Chemists are architects on a tiny scale. They design and build molecules, structures composed of atoms. By precisely combining chemicals and sometimes using catalysts (molecules that help a chemical reaction happen more quickly), chemists create materials suited to all sorts of different uses, from gasoline to carbon fiber to life-saving medicines. They also investigate the molecular structure of different types of already-existing matter. For instance, Geochemist Ryan Venturelli analyzes the sediment that she and her colleagues pull up from the land beneath Antarctica’s ice.

Analytical Chemist Jill Venton, a neurochemist, studies the chemicals at work in our brains. She and her team of scientists use 3-d printers and carbon nanotubes to explore chemical changes in brains as they confront diseases like Parkinson’s.

Computational Biophysical Chemist Mala L. Radhakrishnan asks how we can “take advantage of how nature has assembled molecules…to engineer novel kinds of technology.” She uses her understanding of chemistry to help develop new ways of treating diseases, from HIV to Alzheimer’s. Originally inspired by her students and by the Boston Poetry Slam, Radhakrishnan also writes poetry to help the public and people taking her classes understand chemistry.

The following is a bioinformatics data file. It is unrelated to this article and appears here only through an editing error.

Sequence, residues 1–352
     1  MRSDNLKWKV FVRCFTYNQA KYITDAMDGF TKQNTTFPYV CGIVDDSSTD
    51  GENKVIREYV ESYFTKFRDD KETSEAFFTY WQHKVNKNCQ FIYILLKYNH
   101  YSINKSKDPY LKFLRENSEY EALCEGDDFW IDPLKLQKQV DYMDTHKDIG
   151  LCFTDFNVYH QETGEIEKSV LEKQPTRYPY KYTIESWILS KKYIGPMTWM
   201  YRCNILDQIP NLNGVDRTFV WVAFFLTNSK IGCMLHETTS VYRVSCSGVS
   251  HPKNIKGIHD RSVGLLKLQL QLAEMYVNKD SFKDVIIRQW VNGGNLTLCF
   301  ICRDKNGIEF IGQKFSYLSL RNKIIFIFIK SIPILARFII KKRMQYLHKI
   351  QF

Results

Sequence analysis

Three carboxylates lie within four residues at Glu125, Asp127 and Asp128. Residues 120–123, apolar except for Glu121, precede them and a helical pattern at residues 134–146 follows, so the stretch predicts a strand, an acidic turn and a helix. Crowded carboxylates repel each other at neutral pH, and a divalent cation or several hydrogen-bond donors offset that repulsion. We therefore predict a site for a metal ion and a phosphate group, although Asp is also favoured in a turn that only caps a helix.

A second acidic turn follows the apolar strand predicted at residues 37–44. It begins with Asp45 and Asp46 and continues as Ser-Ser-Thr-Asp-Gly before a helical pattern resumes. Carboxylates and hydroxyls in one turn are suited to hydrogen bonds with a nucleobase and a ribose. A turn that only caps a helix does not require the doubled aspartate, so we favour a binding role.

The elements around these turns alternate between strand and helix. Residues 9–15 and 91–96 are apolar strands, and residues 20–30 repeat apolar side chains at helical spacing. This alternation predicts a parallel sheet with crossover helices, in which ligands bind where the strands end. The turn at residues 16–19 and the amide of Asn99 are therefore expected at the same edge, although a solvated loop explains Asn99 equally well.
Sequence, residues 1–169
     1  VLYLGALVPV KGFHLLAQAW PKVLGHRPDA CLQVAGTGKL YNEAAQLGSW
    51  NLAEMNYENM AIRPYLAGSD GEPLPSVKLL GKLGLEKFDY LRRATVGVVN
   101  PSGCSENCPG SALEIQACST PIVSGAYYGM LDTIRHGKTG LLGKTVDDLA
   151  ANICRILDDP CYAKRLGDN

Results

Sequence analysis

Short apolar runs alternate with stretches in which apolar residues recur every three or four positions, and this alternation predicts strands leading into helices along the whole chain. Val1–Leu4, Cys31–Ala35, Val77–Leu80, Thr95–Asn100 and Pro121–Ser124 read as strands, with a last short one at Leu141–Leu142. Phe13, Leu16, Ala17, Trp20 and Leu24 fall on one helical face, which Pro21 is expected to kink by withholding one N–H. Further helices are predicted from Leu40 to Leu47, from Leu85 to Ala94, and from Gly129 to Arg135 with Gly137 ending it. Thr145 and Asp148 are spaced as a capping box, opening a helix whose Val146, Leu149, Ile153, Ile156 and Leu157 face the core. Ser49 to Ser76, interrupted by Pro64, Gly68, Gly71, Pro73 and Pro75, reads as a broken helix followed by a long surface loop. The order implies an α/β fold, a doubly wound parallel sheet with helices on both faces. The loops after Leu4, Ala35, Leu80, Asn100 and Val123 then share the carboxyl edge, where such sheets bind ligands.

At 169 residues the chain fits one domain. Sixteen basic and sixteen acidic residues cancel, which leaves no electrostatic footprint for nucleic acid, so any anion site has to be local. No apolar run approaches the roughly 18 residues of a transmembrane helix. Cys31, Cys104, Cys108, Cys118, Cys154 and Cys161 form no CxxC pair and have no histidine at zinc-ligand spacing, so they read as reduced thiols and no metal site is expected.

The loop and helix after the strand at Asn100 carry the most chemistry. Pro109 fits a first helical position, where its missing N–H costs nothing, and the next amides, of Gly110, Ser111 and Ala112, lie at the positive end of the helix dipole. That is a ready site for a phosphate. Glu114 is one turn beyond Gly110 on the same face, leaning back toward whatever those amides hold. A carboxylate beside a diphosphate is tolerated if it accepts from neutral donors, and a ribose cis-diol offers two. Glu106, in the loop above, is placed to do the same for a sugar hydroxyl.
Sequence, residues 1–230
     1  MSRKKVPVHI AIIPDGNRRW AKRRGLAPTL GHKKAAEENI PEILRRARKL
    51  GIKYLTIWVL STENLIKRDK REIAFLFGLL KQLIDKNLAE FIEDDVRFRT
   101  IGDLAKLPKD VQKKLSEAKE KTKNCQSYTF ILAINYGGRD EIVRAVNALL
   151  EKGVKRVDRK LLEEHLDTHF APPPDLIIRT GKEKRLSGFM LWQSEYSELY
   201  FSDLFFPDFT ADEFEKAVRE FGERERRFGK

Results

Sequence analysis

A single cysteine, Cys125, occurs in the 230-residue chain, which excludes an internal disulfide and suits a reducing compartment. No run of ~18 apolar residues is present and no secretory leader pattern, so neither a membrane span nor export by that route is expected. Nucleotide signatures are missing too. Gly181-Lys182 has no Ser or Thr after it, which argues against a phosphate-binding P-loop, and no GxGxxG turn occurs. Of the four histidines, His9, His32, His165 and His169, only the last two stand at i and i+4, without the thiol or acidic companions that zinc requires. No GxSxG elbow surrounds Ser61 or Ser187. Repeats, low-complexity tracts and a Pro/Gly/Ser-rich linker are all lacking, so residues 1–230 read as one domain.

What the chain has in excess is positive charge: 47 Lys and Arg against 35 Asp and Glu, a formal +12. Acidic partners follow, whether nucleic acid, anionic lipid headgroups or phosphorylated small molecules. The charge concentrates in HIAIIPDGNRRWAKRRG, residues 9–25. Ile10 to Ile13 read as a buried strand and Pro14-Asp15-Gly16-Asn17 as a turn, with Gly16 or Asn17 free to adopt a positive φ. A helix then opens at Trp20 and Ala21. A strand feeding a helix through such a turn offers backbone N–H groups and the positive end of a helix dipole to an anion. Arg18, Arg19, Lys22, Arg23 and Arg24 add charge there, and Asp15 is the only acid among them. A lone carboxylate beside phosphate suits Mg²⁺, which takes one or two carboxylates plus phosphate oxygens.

Analytical Chemist William C. Johnson works in the paper industry, helping create cartons that can hold liquids without leaking and other useful products. He uses chemistry to analyze the effects of different molecules on the surface of paper: how do those molecules interact with liquids and other materials the paper will touch? Wing-Sy DeRieux, an atmospheric chemist, analyzes chemicals given off by products during manufacturing and use. She makes sure companies are not releasing chemicals into the atmosphere in quantities that are dangerous for people and other species.

Biochemist and Cancer Researcher Eugene DeSombre discovered how different breast cancers react to estrogen and developed a test for that, helping doctors figure out how to treat different cancer patients. Physical Chemist Barbara Hopf Offenhartz studied the molecular structure of vitamin B12 and of hemoglobin, the chemical that makes blood red. Peter O’Donnell Offenhartz (married to Barbara) used his expertise in physical chemistry to investigate ways of improving different forms of alternative energy including solar and geothermal power. He worked with various kinds of batteries, used computers to explore the structure of complicated molecules, and helps solve his neighbors’ communication and technology problems.